For Babai and Malakian, there are bars that prioritize their status as pool destinations a bit more and so attract league players, and there are bars that simply have the pool table for fun and want it to serve as a more relaxed, social component. Malakian explains that league players are more competitive, and a lot of bar owners prefer more of a laid-back, date night vibe for their establishments. However, it can pay to attract league players, as that can guarantee those players are coming in multiple nights per week to play and practice.

Where you might want to go to play in the city on any given night depends on whether you’re going alone or with friends, whether you want to hone your skills or meet people, and what kind of mood you’re in.

“If I’m just drinking and partying, then I want it to be a little friendlier,” Babai says. “One of the things I like about Barfly is that the late-night crowd that comes there to play pool, they’re among a big group of friends. If I’m looking to practice, I’m looking to go to a place that pool’s their focus.”

Nicki Humphrey, who owns 40 Knots, says that the pool table "is a big part of my bar."
Nicki Humphrey, who owns 40 Knots, says that the pool table "is a big part of my bar." Photo Credit: Linda Rosier

‘Not everyone wants to sit around and look at their phones’

Helpfully, the American Poolplayers Association has a location finder so you can find what bars by you have a table — and which have been given the group’s seal of approval.

There are still some bars left flying the flag of neighborhood hangout, the kinds of bars that unfortunately seem to be disappearing in all boroughs. 40 Knots in Carroll Gardens is one of the spots that still doesn’t take itself too seriously, and for nine years, has remained a beloved go-to for regulars and new customers alike to mingle. The pool table is at the center of the convivial spirit, according to owner Nicki Humphrey.

“It’s a big part of my bar. We’re a ‘Cheers’-type bar, very neighborhood-friendly. A lot of our regulars become very good friends over that pool table. They come in to play on their own and then they get to know each other. … Not everyone wants to sit around and look at their phones.”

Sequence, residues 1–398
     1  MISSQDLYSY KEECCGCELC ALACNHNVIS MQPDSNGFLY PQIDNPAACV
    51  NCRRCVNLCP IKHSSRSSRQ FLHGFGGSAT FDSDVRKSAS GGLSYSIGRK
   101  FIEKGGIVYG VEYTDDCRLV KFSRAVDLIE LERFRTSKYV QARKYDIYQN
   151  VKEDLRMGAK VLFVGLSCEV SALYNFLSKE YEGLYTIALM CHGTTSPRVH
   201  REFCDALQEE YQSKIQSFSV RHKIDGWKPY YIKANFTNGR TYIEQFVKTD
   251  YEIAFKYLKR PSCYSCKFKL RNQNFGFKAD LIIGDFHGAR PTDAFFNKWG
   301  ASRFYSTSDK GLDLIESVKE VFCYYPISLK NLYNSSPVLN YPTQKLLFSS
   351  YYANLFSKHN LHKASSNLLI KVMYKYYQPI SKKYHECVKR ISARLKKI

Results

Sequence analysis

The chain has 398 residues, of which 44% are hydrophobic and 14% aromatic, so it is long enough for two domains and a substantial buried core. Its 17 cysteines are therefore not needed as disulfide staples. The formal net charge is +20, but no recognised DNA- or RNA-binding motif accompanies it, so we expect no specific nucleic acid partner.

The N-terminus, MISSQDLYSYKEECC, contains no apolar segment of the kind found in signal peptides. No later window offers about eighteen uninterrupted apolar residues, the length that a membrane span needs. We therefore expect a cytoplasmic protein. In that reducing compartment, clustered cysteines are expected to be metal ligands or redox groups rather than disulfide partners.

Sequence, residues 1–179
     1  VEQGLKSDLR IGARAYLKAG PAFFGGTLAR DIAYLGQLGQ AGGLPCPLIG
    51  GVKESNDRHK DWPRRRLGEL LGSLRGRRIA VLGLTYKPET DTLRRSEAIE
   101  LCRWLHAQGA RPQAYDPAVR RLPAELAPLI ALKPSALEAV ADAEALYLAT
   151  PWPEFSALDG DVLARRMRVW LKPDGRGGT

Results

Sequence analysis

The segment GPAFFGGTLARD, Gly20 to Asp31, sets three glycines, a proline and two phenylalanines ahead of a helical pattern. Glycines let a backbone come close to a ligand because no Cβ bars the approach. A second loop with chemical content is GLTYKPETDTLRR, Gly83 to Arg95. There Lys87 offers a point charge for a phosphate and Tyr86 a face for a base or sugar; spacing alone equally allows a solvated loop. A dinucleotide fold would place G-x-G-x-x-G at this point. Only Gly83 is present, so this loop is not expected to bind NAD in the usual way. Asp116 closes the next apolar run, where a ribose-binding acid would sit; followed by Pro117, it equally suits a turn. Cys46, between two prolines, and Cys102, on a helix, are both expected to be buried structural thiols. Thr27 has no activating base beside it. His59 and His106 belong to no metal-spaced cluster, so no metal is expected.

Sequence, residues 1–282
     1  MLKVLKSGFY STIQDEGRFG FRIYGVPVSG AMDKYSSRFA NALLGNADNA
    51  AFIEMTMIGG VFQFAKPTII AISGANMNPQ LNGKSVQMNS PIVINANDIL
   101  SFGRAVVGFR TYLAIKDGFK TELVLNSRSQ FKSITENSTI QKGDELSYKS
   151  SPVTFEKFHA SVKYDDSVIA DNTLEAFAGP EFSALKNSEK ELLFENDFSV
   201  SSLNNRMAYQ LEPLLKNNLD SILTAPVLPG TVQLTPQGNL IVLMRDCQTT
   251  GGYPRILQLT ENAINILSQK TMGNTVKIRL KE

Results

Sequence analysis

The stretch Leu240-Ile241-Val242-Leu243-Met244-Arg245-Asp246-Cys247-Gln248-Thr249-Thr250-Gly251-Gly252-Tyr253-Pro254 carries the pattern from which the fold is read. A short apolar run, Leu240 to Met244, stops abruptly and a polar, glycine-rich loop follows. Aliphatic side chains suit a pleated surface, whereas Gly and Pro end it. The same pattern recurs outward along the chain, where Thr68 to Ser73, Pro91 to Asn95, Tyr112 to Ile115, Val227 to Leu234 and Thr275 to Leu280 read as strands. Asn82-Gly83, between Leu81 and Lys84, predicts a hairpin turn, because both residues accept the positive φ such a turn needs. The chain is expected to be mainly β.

Humphrey credits the pool table with helping people walk in off the street and start talking to other patrons without being intimidated.

“Regulars will say, ‘Sure, come play, let’s take turns, you take over.’ It’s sweet: It’s a big positive. It brings people together.”

Humphrey says if she ever needs the space for a dance party or something similar, the table can always be moved. She has no intention of ever getting rid of it because it’s such a big part of her business and of the bar’s identity.

The sad reality is that like any other kind of business in New York, bars with pool tables are closing in the wake of changing neighborhoods. The good news? Plenty of them are still thriving, from competitive league-focused spots to gathering places where the table is just the centerpiece of socializing. The key is to find the one closest to you, get there, play, and keep it alive.

Shoot some stick

Here’s a sampling of some bars where you’ll find a friendly, welcoming atmosphere, no matter your skill level.


40 Knots, 200 Columbia St., Carroll Gardens

The Dram Shop, 339 9th St., Park Slope

Alibi, 242 Dekalb Ave, Fort Greene


Shamrock Inn, 1729 Crosby Ave., Pelham Bay

Skyline Bar & Lounge, 1511 Wilkinson Ave., Morris Park


Ace Bar, 531 E. 5th St. East Village

Barfly, 244 3rd Ave., Murray Hill

Fat Cat, 75 Christopher St., Greenwich Village


BQE Billiards, 70-02 34th Ave, Jackson Heights

Paddy Quinn’s, 42-07 162 St., Flushing

Staten Island

Unique Lounge, 1757 Arthur Kill Rd., Rossville

Richmond Republic, 4459 Amboy Rd., Eltingville